My point was, if all you can get out of these is USB 2 then it's a legacy type port and all legacy USB 2 devices have a type A connector. So unless your new USB devices are so low level that it can cut down to USB 2 speeds and power requirements, you will require a dongle on these ports.  To me this is mis-representation of the USB C port and will eventually lead to confusion and disappointment when grandma plugs in her new USB C scanner 2 years down the road from now.

    This does not apply to the 5k monitor which is utilizing the USB c ports in the correct manor. That's why I said I would consider getting the 5k monitors. 
    In your exact scenario how does a scanner using a USB-C connection.. over a USB2 speeds (480mb/sec) not work for Grandma.  Or for anyone in that matter?

    While I understand that not using Thunderbolt3 on the smaller, cheaper 21.5" monitor is frustrating.  The article specifically states that the 21.5" monitor was designed to be used with the 12" MacBook that does NOT support Thunderbolt3.  

    Furthermore as an owner of a launch day 2015 12" MacBook Retina (okay.. It technically belongs to my wife lol) who is still looking for a USB-C input monitor.. I can tell you with 1st hand knowledge that these two announcements from LG are not the be all, end all, of USB-C input monitors on the market.  If you dont agree with LG's decision to make an all-USB-C port monitor.  Then you have plenty of other options.. including other options from LG.   I've had my eye on the USB-C input LG 27UD88-W for almost a year now (https://www.amazon.com/LG-Electronics-27UD88-W-LED-Lit-Monitor/dp/B01CDYB0QS).  And yes.. it supports USB3.0 connections.  Its street price is $699.. but its been as cheap as $459.   There are other USB-C input monitors available from Lenovo, Asus, Acer and lesser names.  I hope Dell will be announcing a USB-C input monitor soon.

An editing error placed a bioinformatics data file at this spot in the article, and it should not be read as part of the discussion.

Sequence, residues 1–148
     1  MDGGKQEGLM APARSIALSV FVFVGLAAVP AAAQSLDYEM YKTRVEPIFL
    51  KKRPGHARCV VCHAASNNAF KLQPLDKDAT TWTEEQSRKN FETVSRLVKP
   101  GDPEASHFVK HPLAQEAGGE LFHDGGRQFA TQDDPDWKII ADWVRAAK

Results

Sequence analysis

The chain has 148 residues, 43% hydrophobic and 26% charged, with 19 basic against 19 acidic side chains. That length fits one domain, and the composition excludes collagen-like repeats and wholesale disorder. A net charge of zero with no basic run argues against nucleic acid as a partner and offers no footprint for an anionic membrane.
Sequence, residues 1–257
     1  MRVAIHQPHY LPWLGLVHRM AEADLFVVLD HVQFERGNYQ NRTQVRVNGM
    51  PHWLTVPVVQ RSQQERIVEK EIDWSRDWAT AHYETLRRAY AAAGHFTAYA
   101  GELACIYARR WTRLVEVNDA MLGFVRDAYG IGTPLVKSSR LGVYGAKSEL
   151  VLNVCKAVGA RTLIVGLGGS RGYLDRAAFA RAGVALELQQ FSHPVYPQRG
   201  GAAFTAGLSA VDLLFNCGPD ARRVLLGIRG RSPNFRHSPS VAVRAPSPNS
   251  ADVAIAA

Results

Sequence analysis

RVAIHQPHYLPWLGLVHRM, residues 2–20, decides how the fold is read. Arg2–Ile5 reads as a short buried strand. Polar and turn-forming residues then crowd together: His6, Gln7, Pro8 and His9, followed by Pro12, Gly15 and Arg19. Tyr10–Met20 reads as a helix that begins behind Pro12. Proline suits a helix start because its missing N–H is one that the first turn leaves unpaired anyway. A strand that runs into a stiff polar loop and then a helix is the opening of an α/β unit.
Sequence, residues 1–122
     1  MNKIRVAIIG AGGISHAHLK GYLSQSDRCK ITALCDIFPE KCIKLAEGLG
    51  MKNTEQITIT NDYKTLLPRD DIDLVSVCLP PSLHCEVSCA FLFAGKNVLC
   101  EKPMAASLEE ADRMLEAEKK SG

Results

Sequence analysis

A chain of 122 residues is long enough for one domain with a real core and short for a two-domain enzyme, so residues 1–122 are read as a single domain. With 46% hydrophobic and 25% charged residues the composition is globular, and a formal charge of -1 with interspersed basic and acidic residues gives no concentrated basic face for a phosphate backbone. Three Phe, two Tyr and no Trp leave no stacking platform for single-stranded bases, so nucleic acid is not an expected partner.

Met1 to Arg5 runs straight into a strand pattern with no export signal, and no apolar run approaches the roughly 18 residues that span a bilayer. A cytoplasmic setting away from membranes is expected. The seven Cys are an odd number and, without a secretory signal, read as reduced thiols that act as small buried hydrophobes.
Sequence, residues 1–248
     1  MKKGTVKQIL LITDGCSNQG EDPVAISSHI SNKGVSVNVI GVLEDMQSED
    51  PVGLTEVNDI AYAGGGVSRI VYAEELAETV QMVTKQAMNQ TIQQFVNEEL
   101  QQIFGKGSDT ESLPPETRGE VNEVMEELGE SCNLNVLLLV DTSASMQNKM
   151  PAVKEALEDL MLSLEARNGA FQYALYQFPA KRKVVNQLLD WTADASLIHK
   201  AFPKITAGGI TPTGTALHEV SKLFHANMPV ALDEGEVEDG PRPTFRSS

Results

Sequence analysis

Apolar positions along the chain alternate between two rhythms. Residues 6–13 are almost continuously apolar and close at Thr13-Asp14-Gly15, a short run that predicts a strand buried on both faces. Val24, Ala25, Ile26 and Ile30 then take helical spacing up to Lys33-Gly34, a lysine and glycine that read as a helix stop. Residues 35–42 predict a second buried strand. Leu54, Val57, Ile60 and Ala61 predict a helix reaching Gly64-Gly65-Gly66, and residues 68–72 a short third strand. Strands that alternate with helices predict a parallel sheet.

Re-read my spiel about USB-C being an **OPEN** standard and how more manufacturers will be joining into USB-C thanks to Apples 100% effort.  A year from now I'd imagine every monitor maker will have some sort of USB-C input monitor for sale.  Hell CES is in just a few weeks.. I would expect quite a few to get announced there.  There is no reason at all to believe that the LG 4K and 5K Ultrafine displays will be the last USB-C input monitors ever to get announced.  Plenty more are on the way.  And they should include features like USB-A ports, Webcams, speakers, mics, built-in USB 3.0 hubs.  
    edited December 2016